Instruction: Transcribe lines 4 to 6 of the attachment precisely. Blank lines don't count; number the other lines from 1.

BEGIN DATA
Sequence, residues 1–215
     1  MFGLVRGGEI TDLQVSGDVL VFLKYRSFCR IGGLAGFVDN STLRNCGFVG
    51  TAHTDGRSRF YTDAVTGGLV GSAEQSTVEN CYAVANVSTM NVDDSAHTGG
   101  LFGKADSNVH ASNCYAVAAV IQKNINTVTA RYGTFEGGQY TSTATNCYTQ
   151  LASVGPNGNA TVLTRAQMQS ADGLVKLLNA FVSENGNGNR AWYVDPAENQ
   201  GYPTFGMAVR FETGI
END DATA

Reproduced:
   101  LFGKADSNVH ASNCYAVAAV IQKNINTVTA RYGTFEGGQY TSTATNCYTQ
   151  LASVGPNGNA TVLTRAQMQS ADGLVKLLNA FVSENGNGNR AWYVDPAENQ
   201  GYPTFGMAVR FETGI